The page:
The science of peer review in forensic investigation

A forensic investigation of a failure or accident in the built environment is the scientific method in action, like it is in many fields of study. (Ref. 1) It goes through the same systematic stepped process as the scientific method, or it should.

Peer review by a forensic expert’s colleagues – the last stage in a forensic investigation – checks that this has happened. In a sense, peer review is the scientific method in action again.

The following 10 steps in the scientific method are well known – it’s not rocket science. The actual tasks carried out at each step during a forensic investigation are less well known but easy to understand. For example, what’s simpler to understand in the following than “Reading documents” in Step #2?:

  1. Problem: The problem is determination of the cause of the failure or accident.
  2. Observation: Get briefed on what is known about the failure or accident. Read documents. Walk over the site and visually examine where the accident or failure occurred.
  3. Hypothesis: Note the possible cause of the incident based on the evidence from the briefing, reading the documents and visually examining the site of the failure or accident.
  4. Experiment: Identify investigations suggested by the possible cause. Investigations like a) the layout of the site, b) the size of the site and its components, c) maintenance of the site, and, d) activity at the site when the accident or failure happened. Re-enact the accident.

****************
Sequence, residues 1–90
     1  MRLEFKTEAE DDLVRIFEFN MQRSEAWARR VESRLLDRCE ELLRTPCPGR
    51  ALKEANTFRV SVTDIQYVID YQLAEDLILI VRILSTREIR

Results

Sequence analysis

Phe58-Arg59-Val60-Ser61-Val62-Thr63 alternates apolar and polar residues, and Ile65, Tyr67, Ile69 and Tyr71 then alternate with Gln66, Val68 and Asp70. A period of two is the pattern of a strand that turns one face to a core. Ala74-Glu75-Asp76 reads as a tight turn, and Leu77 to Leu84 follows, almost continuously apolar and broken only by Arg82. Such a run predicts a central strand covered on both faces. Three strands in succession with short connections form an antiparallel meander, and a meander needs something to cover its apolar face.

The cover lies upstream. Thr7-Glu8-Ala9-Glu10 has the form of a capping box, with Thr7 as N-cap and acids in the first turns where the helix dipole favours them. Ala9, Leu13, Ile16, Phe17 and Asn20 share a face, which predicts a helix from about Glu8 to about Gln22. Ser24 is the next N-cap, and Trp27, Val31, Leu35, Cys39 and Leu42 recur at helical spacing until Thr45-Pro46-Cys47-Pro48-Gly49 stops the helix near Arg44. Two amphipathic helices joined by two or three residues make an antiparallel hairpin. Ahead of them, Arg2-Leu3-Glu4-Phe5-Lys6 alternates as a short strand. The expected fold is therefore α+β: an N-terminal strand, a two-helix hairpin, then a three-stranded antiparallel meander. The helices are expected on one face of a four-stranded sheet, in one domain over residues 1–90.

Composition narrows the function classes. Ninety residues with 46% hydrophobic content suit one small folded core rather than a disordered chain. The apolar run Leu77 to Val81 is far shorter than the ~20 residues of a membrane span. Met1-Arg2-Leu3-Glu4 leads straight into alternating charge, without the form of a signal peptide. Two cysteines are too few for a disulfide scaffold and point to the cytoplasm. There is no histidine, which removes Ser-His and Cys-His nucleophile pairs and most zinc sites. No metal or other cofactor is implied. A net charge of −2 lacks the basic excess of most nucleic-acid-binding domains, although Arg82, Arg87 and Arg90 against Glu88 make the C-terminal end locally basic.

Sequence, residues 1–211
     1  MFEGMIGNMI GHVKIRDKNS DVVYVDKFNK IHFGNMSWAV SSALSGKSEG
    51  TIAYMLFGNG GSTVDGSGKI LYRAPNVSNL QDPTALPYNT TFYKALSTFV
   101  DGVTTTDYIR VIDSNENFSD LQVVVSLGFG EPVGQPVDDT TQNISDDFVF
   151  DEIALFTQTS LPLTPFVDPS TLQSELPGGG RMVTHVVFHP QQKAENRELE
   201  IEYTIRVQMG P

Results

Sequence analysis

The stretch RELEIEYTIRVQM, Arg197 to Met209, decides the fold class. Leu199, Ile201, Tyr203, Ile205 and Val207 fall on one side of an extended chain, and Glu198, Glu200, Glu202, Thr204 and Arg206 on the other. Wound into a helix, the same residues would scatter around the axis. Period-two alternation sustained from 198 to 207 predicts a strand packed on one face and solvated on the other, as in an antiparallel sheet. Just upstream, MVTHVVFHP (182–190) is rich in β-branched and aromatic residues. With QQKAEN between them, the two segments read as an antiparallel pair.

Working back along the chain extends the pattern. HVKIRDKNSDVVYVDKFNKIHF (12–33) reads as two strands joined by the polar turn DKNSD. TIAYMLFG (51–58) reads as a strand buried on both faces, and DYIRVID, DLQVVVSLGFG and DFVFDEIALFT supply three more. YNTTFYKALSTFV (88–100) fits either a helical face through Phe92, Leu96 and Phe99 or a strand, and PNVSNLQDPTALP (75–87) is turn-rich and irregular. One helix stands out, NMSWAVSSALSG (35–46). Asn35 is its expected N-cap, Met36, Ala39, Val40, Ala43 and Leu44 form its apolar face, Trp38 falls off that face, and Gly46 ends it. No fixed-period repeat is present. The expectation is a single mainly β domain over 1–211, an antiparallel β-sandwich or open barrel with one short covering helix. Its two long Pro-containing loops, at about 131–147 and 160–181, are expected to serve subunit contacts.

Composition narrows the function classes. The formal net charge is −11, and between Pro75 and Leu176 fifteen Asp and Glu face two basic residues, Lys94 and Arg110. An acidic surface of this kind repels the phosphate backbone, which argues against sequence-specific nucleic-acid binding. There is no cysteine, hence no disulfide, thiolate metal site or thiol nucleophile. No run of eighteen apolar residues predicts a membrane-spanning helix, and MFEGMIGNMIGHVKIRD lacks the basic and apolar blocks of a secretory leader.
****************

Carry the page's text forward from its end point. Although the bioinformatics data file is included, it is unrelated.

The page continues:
5. Collect data: Note the data got from each of these investigations.
  6. Analyze results: Note the cause of the failure or accident as indicated by each piece of data. Note where there is agreement and disagreement amongst the data on cause. Identify additional investigations that could be carried out. Carry out these investigations and analyze the data.
  7. Conclusion: Note the probable cause of the accident or failure based on the analysis. Note other possible causes and the data supporting these, and why these causes were dismissed.
  8. Form opinion: Form and state opinion on the cause of the accident or failure.
  9. Report: Report in detail what was done during each step in the investigation according to the guidance of civil procedure rules like Rule 55 in Nova Scotia and manuals on expert report writing.
  10. Peer review: Review what was done during each step of the investigation and it’s conformance to the standard of practice and what a reasonable person would do.


I thought to blog on this topic – science in forensic investigation – when the extent of observation in forensic investigation kept coming to mind. Subjective observation compared to objective field and laboratory testing. (Refs 2 to 4) And how peer review ensures the forensic investigation including its subjective observations is properly carried out.

It was while researching this topic that I realized a forensic investigation and it’s peer review are both examples of the scientific method in action. The penny dropped again when I realized the simplicity of the scientific method – a bunch of simple steps. Others have seen this hence the wide application of the scientific method to the simplest of problems. (Ref. 1)


  1. Google “scientific method” and be surprised like I was at it’s wide and sometimes simple application.
  2. One forensic observation does not a cause make. Posted July 18, 2023
  3. Observational Method: Example #1 Posted July 31, 2023
  4. Observational Method: Example #2 Posted August 29, 2023

(Posted by Eric E. Jorden, M.Sc., P.Eng. Consulting Professional Engineer, Forensic Engineer, Geotechnology Ltd., Halifax, Nova Scotia, Canada November 30, 2023